LeasePlan: EVs are becoming more competitive in Europe
How is Europe doing in terms of EV adoption? In Fleet Week, two experts from LeasePlan, Sjoerd Brenters (pictured above) and Joel Wetterhahn (pictured within the article) share their insights about EV competitiveness in Europe according to LeasePlan's sixth Annual Car Cost Index.
The index provides a comprehensive overview of the European car segments by comparing 100 specific vehicles in 22 countries with a 48-month contract and 30.000 km annual mileage. The comparison looks at fuel prices, taxes, insurance and maintenance costs.
Which car segments are the most competitive in Europe?
The average monthly driving costs in European countries differ when comparing TCO's, taking into account the country GDP to reflect the relative price position of the country. Driving costs per month is lower in Greece with €743 and highest in Switzerland with €1,138 per month. Also, the TCO differences make Denmark and Germany the most suitable countries to own a petrol car, while Greece is the best choice for a diesel car.
The D1 mid-size standard segment is more affordable than petrol and diesel cars in 16 countries in Europe. Wetterhahn said they compared Skoda Enyaq, VW ID.4 and Aiways U5 in this segment to weight competitiveness.
The EV trend favours the mid-sized premium cars, which represent the most competitive segment in 17 European countries. The popular models in this segment appear as Tesla Model 3, Polestar 2, Audi A4, BMW 3 and Mercedes C series.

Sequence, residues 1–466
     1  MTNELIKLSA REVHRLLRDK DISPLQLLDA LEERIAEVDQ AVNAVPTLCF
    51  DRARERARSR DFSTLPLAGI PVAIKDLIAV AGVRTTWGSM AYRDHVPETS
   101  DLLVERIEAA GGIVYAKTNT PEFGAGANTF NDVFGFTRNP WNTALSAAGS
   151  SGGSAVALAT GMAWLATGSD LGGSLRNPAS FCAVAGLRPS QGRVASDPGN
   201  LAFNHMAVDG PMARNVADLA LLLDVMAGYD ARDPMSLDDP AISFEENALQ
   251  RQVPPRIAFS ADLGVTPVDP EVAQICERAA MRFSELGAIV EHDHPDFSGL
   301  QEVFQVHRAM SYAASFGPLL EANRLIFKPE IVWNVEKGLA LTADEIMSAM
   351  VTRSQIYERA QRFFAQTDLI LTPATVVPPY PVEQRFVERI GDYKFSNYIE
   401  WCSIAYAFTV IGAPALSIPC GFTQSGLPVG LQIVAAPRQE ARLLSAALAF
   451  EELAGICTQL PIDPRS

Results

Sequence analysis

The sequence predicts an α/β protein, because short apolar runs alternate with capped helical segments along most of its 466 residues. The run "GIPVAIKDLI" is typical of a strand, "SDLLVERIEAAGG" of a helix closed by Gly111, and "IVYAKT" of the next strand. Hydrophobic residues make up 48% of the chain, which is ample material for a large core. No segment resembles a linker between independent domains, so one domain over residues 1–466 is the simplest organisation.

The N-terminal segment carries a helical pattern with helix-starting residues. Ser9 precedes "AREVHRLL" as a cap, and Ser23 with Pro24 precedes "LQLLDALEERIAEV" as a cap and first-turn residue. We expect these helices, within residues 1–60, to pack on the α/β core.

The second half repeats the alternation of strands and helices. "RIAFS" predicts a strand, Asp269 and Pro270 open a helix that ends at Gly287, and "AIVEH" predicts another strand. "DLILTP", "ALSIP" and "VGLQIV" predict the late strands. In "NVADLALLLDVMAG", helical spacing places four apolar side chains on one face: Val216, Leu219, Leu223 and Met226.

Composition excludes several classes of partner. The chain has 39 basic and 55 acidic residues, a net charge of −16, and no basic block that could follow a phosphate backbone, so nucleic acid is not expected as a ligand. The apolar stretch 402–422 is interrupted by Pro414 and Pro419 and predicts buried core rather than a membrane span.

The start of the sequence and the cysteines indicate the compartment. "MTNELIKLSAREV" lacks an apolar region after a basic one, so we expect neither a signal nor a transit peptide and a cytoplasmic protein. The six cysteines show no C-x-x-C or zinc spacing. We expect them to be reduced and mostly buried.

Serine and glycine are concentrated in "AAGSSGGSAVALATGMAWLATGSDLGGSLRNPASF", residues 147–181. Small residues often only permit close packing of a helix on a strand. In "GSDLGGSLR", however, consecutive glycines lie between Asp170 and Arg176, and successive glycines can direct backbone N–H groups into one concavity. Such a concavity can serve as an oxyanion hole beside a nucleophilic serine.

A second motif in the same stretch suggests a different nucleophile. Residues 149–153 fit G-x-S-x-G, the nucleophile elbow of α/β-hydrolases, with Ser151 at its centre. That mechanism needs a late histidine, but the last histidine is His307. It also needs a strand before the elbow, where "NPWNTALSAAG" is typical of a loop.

The B1 sub-compact segment, on the other hand, shows slower progress. "It is due to the difference between the investment value in this segment being much lower", says Wetterhahn. At this point, other components of TCO come into view. "The relatively higher prices of EVs can be offset by government incentives and lower energy costs, while for smaller vehicles, this is not the case," says Brenters.
Brenters also draws attention to the low investment in electric LCV due to range limitations and says the segment will develop as the range gets more extensive.
What shall corporations do in choosing EVs?
"If you have large diesel vans doing 40-50.000 km a year, it is difficult to switch to EV. But if you have a VW Golf using petrol and making 20.000 km a year, a VW ID.3 or a Nissan Leaf would be a good replacement," says Brenters. Fleet managers can see the best EV model and the country to transition to EVs on the Annual Car Cost Index.
In general, "EVs are becoming less a rarity but more common in Europe," Brenters states. "If you have a car policy with budget and drivers eager to switch to EV, then you start your EV journey by choosing the right vehicle and charging solution."
Photos of Sjoerd Brenters, Director International Consultancy Services LeasePlan and Joel Wetterhahn, Fleet Consultant LeasePlan.